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In rhetoric, parrhesia is a figure of speech described as: to speak candidly or to ask forgiveness for so speaking.[1] The term is borrowed from the Greek παρρησία (πᾶν "all" + ῥῆσις / ῥῆμα "utterance, speech") meaning literally "to speak everything" and by extension "to speak freely," "to speak boldly," or "boldness." It implies not only freedom of speech, but the obligation to speak the truth for the common good, even at personal risk.

Usage in Ancient GreeceEdit

Parrhesia was a fundamental component of the democracy of Classical Athens. In assemblies and the courts Athenians were free to say almost anything, and in the theatre, playwrights such as [Aristophanes made full use of the right to ridicule whomever they chose.[2] Elsewhere there were limits to what might be said; freedom to discuss politics, morals, religion, or to criticize people would depend on context: by whom it was made, and when, and how, and where.[3] If a man was seen as immoral, or his views went contrary to popular opinion, then there were great risks involved in making use of such an unbridled freedom of speech, as Socrates found out when he was sentenced to death for (supposedly) introducing new gods and corrupting the young.[2] Parrhesia was also a central concept for the Cynic philosophers, as epitomized in the shameless speech of Diogenes of Sinope.[4]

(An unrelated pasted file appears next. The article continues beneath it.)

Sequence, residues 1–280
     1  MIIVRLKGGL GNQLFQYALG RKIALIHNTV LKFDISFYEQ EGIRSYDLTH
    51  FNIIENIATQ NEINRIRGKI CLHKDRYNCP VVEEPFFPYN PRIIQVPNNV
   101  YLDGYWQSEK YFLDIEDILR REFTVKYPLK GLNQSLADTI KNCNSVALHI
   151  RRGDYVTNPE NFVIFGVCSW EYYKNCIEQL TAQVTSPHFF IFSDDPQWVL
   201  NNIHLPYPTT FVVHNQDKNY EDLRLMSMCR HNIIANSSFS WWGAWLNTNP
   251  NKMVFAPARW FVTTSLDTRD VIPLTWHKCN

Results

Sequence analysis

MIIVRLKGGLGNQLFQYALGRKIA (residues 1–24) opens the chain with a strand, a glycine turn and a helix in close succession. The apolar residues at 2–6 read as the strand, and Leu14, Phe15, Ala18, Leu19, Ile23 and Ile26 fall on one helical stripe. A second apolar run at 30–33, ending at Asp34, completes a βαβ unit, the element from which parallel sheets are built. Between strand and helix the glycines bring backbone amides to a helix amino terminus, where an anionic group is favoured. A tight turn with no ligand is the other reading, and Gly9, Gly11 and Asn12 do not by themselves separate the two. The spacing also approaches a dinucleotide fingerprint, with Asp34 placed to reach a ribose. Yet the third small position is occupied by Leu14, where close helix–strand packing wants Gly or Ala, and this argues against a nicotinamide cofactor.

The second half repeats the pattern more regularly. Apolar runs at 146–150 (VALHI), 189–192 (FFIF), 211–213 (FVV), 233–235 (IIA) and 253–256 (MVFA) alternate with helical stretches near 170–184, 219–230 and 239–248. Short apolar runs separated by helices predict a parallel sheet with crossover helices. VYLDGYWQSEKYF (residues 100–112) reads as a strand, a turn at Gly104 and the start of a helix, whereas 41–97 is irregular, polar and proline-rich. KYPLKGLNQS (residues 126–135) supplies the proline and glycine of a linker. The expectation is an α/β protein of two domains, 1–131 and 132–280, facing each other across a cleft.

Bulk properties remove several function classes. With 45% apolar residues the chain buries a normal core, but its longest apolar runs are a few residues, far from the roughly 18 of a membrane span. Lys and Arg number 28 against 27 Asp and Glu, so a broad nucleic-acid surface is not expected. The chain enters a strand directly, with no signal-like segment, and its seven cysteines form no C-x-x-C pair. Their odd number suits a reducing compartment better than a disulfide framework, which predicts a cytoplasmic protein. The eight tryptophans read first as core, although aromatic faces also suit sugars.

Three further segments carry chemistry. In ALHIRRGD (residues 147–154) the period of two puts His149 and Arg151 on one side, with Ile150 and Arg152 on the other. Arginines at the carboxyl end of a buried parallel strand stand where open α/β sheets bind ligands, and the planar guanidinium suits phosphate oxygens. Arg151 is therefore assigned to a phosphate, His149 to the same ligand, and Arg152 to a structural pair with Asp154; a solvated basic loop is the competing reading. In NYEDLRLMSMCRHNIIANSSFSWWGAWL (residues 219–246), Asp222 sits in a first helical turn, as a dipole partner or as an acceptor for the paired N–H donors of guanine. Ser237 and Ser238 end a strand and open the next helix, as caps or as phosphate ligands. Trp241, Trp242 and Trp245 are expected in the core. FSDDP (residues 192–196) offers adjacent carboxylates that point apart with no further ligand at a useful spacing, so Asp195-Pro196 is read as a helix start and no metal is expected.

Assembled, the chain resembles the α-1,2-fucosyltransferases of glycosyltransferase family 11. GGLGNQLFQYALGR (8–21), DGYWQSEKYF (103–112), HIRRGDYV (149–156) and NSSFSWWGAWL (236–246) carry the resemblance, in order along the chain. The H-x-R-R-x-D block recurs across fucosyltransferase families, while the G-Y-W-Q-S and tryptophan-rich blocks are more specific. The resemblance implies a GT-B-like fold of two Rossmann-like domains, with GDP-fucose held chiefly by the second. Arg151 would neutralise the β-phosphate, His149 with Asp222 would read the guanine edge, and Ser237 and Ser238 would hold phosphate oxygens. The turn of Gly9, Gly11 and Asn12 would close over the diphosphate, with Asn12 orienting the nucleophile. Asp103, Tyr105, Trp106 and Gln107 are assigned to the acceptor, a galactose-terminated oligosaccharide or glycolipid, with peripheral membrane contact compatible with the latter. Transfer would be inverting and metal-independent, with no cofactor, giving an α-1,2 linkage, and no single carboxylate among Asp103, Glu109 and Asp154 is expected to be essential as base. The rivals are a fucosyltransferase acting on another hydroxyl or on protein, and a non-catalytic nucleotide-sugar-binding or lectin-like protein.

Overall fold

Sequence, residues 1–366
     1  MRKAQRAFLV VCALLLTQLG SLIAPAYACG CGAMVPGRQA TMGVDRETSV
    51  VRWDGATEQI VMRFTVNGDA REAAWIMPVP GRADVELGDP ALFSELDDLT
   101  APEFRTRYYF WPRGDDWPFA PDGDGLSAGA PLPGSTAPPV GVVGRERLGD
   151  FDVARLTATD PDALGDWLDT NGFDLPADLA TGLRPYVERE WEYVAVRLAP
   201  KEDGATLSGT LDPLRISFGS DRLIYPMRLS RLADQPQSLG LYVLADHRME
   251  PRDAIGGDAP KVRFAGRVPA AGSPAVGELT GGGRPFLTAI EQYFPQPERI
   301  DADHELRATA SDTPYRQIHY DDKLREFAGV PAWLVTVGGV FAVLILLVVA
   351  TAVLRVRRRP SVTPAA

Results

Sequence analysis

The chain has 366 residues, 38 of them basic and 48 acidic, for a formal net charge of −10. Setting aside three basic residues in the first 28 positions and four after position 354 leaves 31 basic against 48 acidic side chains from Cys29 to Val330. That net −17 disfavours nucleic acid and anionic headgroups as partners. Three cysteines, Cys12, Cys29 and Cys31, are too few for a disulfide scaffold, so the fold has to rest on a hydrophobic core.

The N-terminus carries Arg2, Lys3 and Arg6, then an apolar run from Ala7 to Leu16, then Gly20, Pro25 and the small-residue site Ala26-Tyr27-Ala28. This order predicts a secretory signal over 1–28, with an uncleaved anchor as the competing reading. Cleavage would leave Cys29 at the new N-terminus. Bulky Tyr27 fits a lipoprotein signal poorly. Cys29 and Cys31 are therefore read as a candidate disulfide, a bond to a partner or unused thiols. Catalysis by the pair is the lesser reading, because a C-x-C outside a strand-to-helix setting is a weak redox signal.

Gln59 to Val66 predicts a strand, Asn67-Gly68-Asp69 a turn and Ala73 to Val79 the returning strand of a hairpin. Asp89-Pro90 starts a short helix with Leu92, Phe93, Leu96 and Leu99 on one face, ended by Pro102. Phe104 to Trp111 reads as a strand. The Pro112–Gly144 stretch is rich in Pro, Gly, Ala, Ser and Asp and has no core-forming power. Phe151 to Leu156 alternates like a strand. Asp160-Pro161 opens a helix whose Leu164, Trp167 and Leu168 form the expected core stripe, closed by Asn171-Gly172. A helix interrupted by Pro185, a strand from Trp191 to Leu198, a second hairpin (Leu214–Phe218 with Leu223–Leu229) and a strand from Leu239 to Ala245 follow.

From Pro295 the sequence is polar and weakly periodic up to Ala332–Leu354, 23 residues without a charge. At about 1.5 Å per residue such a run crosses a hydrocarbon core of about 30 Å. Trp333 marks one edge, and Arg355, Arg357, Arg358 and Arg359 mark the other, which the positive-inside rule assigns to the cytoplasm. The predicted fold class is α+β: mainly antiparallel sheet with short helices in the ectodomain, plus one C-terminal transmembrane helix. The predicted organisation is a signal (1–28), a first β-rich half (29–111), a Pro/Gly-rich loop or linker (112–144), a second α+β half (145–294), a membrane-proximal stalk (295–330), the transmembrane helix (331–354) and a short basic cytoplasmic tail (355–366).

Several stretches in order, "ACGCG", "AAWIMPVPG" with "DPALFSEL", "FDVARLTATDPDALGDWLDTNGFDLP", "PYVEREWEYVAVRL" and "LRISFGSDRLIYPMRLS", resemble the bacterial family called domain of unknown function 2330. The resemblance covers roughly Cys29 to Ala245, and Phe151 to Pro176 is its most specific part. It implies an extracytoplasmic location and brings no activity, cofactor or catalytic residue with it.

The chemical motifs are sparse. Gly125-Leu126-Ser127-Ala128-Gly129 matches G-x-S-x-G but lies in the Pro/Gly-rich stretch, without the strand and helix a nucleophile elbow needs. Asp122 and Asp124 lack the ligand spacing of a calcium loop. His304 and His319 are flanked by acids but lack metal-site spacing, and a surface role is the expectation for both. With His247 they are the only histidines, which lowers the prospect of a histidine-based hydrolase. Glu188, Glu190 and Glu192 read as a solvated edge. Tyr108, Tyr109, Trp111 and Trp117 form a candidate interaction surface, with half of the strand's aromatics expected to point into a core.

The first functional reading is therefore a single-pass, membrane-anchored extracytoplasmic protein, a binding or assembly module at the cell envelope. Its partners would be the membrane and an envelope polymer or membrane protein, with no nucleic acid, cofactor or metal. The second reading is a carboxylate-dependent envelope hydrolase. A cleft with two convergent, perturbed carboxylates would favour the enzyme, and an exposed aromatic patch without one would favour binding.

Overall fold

New Testament useEdit

A related use of parrhesia is found in the Greek New Testament, where it means "bold speech," the ability of believers to hold their own in discourse before political and religious authorities (e.g. Acts 4:13: "Now when they saw the boldness [την παρρησίαν] of Peter and John and realized that they were uneducated and ordinary men, they were amazed and recognized them as companions of Jesus."). It is also used to describe the reply Jesus made to the Pharisees [5][6]. See Heinrich Schlier, "παρρησία, παρρησιάζομαι," Theological Dictionary of the New Testament, Gerhard Kittel and Gerhard Friedrich, Eds. Ann Arbor: Eerdmans, 1967. Vol. V, pp. 871ff.

Modern scholarship Edit

Michel Foucault developed the concept of parrhesia as a mode of discourse in which one speaks openly and truthfully about one's opinions and ideas without the use of rhetoric, manipulation, or generalization [7]. Foucault's use of parrhesia, he tells us, is troubled by our modern day Cartesian model of evidential necessity. For Descartes, truth is the same as the undeniable. Whatever can be doubted must be, and, thus, speech that is not examined or criticized does not necessarily have a valid relation to truth.